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Stem Cells International
Volume 2016, Article ID 4076578, 14 pages
http://dx.doi.org/10.1155/2016/4076578
Review Article

Therapeutic Roles of Tendon Stem/Progenitor Cells in Tendinopathy

1Department of Orthopaedics, Zhongda Hospital, School of Medicine, Southeast University, No. 87 Ding Jia Qiao, Nanjing, Jiangsu 210009, China
2Department of Orthopaedics, Xishan People’s Hospital, 588 Guang Rui Road, Wuxi, Jiangsu 214011, China
3China Orthopedic Regenerative Medicine Group, Hangzhou, Zhejiang 310000, China
4Jiangsu Key Laboratory of Molecular and Functional Imaging, Department of Radiology, Zhongda Hospital, School of Medicine, Southeast University, Nanjing, Jiangsu 210009, China

Received 6 December 2015; Accepted 10 March 2016

Academic Editor: Peter J. Quesenberry

Copyright © 2016 Xin Zhang et al. This is an open access article distributed under the Creative Commons Attribution License, which permits unrestricted use, distribution, and reproduction in any medium, provided the original work is properly cited.

Abstract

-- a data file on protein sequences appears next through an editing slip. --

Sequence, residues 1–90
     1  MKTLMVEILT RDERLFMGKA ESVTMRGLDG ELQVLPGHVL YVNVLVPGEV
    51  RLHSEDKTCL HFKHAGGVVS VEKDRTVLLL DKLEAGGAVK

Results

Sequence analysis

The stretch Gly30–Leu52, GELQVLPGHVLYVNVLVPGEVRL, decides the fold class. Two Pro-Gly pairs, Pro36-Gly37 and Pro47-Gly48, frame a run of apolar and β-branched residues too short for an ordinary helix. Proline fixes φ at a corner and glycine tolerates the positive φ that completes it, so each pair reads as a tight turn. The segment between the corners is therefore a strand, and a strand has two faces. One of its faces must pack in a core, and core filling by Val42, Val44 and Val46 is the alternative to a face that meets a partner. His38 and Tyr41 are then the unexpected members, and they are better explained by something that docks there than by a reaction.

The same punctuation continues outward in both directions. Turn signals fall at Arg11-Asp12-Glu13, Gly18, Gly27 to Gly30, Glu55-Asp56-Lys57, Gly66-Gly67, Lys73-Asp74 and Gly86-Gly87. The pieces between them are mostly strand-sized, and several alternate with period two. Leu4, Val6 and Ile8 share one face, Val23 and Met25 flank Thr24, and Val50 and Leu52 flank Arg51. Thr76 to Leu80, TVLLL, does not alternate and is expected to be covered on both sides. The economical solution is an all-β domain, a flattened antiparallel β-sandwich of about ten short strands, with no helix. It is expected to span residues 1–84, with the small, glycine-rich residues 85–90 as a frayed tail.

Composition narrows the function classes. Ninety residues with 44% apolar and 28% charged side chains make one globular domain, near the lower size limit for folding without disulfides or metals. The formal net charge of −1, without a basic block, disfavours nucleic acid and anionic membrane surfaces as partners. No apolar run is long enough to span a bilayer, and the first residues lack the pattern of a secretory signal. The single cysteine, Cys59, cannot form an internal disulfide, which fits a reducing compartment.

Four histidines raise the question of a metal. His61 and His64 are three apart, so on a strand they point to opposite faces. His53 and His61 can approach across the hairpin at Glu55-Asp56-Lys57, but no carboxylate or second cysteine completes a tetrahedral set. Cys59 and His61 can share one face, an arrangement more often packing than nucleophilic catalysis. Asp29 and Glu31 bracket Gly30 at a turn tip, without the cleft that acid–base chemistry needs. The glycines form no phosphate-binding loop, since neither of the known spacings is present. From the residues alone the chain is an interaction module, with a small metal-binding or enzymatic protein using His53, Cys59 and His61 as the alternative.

Tendinopathy is a tendon disorder characterized by activity-related pain, local edema, focal tenderness to palpation, and decreased strength in the affected area. Tendinopathy is prevalent in both athletes and the general population, highlighting the need to elucidate the pathogenesis of this disorder. Current treatments of tendinopathy are both conservative and symptomatic. The discovery of tendon stem/progenitor cells (TSPCs) and erroneous differentiation of TSPCs have provided new insights into the pathogenesis of tendinopathy. In this review, we firstly present the histopathological characteristics of tendinopathy and explore the cellular and molecular cues in the pathogenesis of tendinopathy. Current evidence of the depletion of the stem cell pool and altered TSPCs fate in the pathogenesis of tendinopathy has been presented. The potential regulatory factors for either tenogenic or nontenogenic differentiation of TSPCs are also summarized. The regulation of endogenous TSPCs or supplementation with exogenous TSPCs as therapeutic targets for the treatment of tendinopathy is proposed. Therefore, inhibiting the erroneous differentiation of TSPCs and regulating the differentiation of TSPCs into tendon cells might be important areas of future research and could provide new clinical treatments for tendinopathy. The current evidence suggests that TSPCs are promising therapeutic targets for the management of tendinopathy.